A Soviet ambassador against Stalin


Otkrytoe pismo Stalinu

[An Open Letter to Stalin]

Publication: [Soviet Union, 1960s-70s].

RASKOLNIKOV, Fedor, Otkrytoe pismo Stalinu

Samizdat copy of a sharp criticism of Stalin’s regim. Rare and dangerous in the USSR.

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Rare samizdat of this famous contemporary denunciation of Stalin’s regime.

Raskolnikov was a devoted Communist since 1910, an aide of Lenin and participant in the October Revolution, then a Soviet ambassador in Estonia, Denmark and Bulgaria. Under Stalin however, in April 1938, he was called to Moscow from his post in Bulgaria: worrying that he might be a next victim of the purges, he left the train and instead went to France with his family. On 17 July 1939, his Soviet citizenship was revoked and he was claimed to be a “nevozvrashchenets” – a “non-returnee” outlawed in the Soviet Union for having “deserted his post, defected to the camp of enemies of the people and refused to return to the USSR”; this meant that he had to be shot 24 hours after his identity was certified in case he turned up in the USSR.

Shortly after his departure, Raskolnikov wrote letters to Stalin, which remained without answer, and published in Paris a letter of protest, “How I was made an enemy of the people” (Poslednie izvestiia, 1939, 26 July), demanding for a public review of his case. He finally wrote his “Open Letter” on 17 August 1939 and sent it to various magazines, but very quickly died on September 12 in Nice, in still unclear circumstances. The former head of the Provisional Government, Alexander Kerensky, decided to publish the letter in his Parisian magazine, Novaia Rossiia, on October 1st.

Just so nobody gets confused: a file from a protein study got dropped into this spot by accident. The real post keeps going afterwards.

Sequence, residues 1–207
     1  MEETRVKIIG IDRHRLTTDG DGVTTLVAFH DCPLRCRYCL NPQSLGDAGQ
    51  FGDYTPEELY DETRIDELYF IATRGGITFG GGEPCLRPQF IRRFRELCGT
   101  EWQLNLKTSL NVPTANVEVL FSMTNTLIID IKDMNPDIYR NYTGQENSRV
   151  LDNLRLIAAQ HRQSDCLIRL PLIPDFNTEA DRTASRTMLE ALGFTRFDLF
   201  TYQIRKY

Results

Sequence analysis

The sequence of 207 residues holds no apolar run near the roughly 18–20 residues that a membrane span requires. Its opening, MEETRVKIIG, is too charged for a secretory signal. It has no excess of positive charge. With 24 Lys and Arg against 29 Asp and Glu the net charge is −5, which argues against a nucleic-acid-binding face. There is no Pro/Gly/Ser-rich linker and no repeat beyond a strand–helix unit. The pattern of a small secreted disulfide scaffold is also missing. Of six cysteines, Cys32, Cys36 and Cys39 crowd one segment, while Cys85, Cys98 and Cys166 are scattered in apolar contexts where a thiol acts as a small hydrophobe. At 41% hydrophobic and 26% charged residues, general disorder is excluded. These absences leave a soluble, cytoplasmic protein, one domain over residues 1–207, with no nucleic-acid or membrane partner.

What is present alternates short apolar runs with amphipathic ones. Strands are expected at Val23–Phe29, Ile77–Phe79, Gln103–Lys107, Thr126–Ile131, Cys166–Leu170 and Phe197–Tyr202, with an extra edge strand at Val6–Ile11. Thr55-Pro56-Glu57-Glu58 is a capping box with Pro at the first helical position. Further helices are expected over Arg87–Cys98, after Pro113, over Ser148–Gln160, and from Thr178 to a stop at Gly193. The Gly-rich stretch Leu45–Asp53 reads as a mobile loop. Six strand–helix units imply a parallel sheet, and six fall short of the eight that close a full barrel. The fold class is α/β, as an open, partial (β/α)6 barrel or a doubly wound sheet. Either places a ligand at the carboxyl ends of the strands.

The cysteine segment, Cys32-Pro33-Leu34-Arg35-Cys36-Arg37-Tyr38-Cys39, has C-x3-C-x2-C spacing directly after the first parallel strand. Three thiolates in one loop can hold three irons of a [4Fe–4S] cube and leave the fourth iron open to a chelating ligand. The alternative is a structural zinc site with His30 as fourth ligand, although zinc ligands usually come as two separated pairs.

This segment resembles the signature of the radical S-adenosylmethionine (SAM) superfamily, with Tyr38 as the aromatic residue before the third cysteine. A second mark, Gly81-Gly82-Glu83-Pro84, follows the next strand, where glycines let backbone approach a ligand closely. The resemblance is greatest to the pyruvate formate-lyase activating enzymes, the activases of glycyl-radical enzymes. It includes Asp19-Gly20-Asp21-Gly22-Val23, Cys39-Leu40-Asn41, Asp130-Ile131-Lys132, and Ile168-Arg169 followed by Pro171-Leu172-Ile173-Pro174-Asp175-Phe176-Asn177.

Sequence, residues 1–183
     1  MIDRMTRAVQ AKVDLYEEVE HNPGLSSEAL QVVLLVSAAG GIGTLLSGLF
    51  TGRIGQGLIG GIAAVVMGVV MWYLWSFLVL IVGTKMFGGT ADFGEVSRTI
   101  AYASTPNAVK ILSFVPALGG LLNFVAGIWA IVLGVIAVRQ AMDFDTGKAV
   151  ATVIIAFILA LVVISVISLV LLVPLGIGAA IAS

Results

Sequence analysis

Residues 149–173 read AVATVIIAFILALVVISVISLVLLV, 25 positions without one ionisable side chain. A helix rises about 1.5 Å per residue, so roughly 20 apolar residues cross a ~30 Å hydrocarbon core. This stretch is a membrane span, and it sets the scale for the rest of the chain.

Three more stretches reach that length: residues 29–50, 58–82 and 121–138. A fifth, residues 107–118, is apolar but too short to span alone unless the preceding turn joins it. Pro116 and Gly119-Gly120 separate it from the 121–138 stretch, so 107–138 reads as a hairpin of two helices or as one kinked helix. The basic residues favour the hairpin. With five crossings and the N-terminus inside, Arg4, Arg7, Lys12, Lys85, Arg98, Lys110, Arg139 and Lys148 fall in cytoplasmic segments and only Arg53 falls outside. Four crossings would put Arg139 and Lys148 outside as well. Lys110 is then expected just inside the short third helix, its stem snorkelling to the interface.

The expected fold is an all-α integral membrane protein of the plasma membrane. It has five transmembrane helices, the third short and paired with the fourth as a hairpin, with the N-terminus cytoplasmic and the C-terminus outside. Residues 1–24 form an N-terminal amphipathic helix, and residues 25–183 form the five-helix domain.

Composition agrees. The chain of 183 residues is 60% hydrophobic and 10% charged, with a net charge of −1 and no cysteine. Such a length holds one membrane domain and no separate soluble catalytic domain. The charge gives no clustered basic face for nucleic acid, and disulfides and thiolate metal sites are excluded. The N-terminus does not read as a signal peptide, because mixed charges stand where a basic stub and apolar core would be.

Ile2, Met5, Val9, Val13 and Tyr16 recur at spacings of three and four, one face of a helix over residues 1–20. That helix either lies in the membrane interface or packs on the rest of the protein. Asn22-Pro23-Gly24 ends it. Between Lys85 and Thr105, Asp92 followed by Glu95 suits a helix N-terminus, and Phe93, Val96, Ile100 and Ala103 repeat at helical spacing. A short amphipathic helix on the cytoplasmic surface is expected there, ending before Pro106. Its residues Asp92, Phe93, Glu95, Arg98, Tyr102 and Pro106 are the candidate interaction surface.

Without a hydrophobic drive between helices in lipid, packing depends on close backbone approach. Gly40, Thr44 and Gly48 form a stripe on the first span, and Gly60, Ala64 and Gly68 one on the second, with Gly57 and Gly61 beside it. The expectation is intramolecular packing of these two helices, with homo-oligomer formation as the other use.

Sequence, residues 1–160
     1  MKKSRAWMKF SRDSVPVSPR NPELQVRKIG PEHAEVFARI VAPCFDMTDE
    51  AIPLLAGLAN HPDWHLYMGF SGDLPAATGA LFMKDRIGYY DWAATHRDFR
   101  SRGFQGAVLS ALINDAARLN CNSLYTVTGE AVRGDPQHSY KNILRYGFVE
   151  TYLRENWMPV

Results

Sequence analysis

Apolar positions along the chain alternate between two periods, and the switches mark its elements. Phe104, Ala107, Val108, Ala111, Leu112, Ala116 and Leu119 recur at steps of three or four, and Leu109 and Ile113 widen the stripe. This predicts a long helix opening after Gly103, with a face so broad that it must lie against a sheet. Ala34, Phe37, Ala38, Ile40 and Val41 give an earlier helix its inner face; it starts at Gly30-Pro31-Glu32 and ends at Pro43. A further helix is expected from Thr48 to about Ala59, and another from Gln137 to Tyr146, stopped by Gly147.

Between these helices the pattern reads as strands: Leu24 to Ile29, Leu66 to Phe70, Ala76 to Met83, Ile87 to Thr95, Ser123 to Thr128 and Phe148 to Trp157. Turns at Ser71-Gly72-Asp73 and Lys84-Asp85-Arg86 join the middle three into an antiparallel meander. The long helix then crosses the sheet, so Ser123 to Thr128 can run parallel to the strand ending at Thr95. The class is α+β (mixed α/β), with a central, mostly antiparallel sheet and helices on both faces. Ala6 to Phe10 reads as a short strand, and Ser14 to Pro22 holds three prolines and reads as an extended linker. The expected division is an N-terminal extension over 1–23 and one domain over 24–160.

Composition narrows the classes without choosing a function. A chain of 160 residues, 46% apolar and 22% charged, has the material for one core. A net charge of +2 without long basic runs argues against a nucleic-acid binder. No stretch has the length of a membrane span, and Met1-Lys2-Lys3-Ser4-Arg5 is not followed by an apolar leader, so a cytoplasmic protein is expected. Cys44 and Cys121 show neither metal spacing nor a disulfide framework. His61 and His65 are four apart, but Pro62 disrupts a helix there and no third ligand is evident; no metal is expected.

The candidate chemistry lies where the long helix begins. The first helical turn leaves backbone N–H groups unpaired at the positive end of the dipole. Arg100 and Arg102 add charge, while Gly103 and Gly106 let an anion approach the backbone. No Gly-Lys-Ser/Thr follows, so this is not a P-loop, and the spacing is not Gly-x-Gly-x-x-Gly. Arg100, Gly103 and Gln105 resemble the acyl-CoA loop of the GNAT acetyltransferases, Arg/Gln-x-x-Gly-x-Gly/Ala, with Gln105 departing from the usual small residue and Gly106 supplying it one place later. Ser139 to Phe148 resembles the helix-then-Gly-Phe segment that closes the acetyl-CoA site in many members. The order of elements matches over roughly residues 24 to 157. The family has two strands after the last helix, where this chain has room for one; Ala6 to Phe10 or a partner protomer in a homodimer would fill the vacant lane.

The “Open letter” strongly criticises Stalin’s decisions, accusing him of imprisoning and killing notable officers, prominent authors, poets and scientists and – the most painful point for Raskolnikov – of betraying Lenin’s ideas. Raskolnikov shares his pity towards the ordinary Soviet people who, in his opinion, were shamelessly abused and abandoned without the original communist ideal.

“In the early 1960s, Raskolnikov became the first and apparently the only famous non-returnee to be cleared of all charges. The letter did not make its way into print and entered public life through samizdats that was emerging at the time. Only in 1987, after its publication in “Ogonek” (#26), it was read by millions of readers” (Zubarev, our translation).

This samizdat copy seems to date from that time of destalinisation; it comes from a 1970s Novosibirsk academic collection.


Zubarev D. and G. Kuzovkin. “Bolshevik vne zakona. Kak Fedor Raskolnikov pisal Stalinu”, Ogonek, 16.09.2019.

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Physical Description

Eight loose typewritten leaves of A4 format.


In excellent condition, just very minor handling creases and fraying at edges.

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